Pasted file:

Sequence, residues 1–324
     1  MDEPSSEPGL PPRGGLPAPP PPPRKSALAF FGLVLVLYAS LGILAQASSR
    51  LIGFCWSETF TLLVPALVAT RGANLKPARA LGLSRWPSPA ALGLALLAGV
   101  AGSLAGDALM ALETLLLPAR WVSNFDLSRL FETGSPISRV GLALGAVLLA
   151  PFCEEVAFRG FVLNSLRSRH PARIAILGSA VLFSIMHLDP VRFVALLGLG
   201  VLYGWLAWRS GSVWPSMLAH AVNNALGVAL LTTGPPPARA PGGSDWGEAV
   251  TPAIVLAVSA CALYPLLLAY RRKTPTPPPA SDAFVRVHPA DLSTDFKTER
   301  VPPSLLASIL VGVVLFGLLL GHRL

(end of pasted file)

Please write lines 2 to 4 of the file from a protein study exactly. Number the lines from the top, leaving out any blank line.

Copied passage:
     1  MDEPSSEPGL PPRGGLPAPP PPPRKSALAF FGLVLVLYAS LGILAQASSR
    51  LIGFCWSETF TLLVPALVAT RGANLKPARA LGLSRWPSPA ALGLALLAGV
   101  AGSLAGDALM ALETLLLPAR WVSNFDLSRL FETGSPISRV GLALGAVLLA